The eSpirit Blog

The Beach Cares-Second Syrian Family Gets Settled

Four years ago Beach United Church joined with members of St. Aidan’s Anglican Church and others in the local community to create the Beach Cares as a sponsorship group for refugees from the civil war in Syria. Our first sponsored family, Safwan Bdiwi and Aisha Dilwati and their three daughters, arrived in July 2016 and became independent of our sponsorship about a year later. Some members of the group continue to provide support to the family to this day.

In July of this year, our second sponsorship effort supported Salim Darouich, Duaa Dubayn and their 3-year-old daughter, Selena, to come to Canada from Lebanon.  Immediately upon their arrival, they moved for a short time into a beautiful basement apartment in the home of a member of Beach United Church.  This gave them a solid foundation on which to begin to build their life here in Toronto.

The search for permanent accommodation gave the members of the Beach Cares a taste of the acute housing crisis in the City of Toronto, with high rents and scarce vacancies.  For newcomers with no credit history and no landlord references, the challenge was even greater.  After looking at a large number of apartments, Salim and Duaa were able to secure a spacious one bedroom apartment just north of Eglinton on Victoria Park. The location of the apartment is ideal, close to shopping as well as to the School where Salim and Duaa are now both learning to speak English.

We watch from a distance the tragic civil war in Syria and the plight of the more than 5 million refugees from that conflict as well as the people displaced by war and natural disasters in many other countries.  We are grateful to be able to respond in a very small way by providing a safe haven to these two families, thanks to the support of the volunteers in the Beach Cares and the financial and practical support of people from across the beach community.

We also acknowledge the ongoing work of the East End Refugee Committee, made up of people from 10 local churches, including Beach United; who have sponsored more than a dozen refugee families since their establishment in 1995 and continue to work quietly to respond to these needs.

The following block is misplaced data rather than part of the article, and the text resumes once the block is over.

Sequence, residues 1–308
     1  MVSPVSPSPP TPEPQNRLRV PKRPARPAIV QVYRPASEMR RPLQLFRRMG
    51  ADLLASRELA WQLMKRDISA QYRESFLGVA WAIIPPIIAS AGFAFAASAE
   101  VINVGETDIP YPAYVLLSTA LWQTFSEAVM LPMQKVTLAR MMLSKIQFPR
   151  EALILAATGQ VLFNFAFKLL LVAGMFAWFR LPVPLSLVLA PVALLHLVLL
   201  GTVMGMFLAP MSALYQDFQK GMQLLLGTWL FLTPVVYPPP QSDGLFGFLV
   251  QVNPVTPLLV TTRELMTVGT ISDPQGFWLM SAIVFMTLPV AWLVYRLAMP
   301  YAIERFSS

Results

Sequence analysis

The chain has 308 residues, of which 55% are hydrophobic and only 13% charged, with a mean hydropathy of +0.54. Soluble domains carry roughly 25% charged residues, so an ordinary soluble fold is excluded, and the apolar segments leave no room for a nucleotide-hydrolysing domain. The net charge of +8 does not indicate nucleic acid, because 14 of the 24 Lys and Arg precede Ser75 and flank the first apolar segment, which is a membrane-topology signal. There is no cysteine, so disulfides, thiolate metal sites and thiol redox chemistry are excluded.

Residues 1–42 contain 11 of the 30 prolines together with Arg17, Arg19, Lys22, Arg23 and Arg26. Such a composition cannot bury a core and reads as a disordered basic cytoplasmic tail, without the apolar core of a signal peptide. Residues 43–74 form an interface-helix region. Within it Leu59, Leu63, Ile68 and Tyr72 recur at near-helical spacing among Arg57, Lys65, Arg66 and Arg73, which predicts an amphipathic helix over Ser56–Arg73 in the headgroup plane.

-Paul Dowling, Animator, Ministry of Justice Seeking

Out of the Cold Moves to Beach United

Out of the Cold began with a surprise friendship and a tragic death. In the early winter of 1987, a group of high school students from St. Michael’s College became close with a local homeless man. After weeks of sharing food, clothing, and conversation, they learned one morning that the man had died.

The death of their friend profoundly impacted the students; so they turned to the school’s chaplain, Sister Susan Moran, for emotional support and guidance. Together, they decided something had to be done to address Toronto’s growing homeless population. Together with the help of Father John Murphy, they teamed up with Canon John Erb to transform an empty storefront on St. Clair West into the first Out of the Cold program.

Sister Susan started connecting with various faith groups across the City to discuss the opportunity of having each group organize volunteers at their Church or Synagogue to provide a safe refuge for people who are homeless. The plan was simply to open their doors one day a week for 23 weeks. They would also provide food and hospitality to homeless men and women, who are considered to be guests of the program.

Although the program initially opened with one faith group, the idea quickly caught on, and in 2018/19 the much-needed service will be offered in 18 different locations across Toronto. Since 2003, Dixon Hall has been contracted by the City of Toronto to provide coordination and support to the Out of the Cold programs.

Since 2006 St Aidan’s Anglican Church on Queen Street in the Beach has been one of the Out of the Cold locations, providing meals and overnight accommodation for about 25 people every Monday night. Volunteers come from across the community, including a number of members of Beach United Church.

As St. Aidan’s prepares for major renovations, now expected to start early in 2019, Beach United has agreed to host their Out of the Cold Program for a couple of years. In anticipation of the coming move, Beach United hosted a smaller pilot project last winter, with a larger cohort of BUC members as volunteers.

This year’s Out of the Cold Program at Beach United will run from November 5 to April 22. To accommodate the 25 homeless people who will sleep overnight, as well as the approximately 60 people who come for dinner every Monday evening, the Out of the Cold program will take over the entire church.

It is expected that many of the volunteers that have supported the program over the past 12 years at St. Aidan’s will continue to support the program during its time at Beach United. Gaps that need to be filled will be offered to those from Beach United who volunteered in the Pilot Project last winter.

We lament the continued crisis of homelessness that makes it necessary to provide this form of shelter. At the same time, we are grateful that we have the resources in our church to be able to respond to the need.

-Paul Dowling, Animator, Ministry of Justice Seeking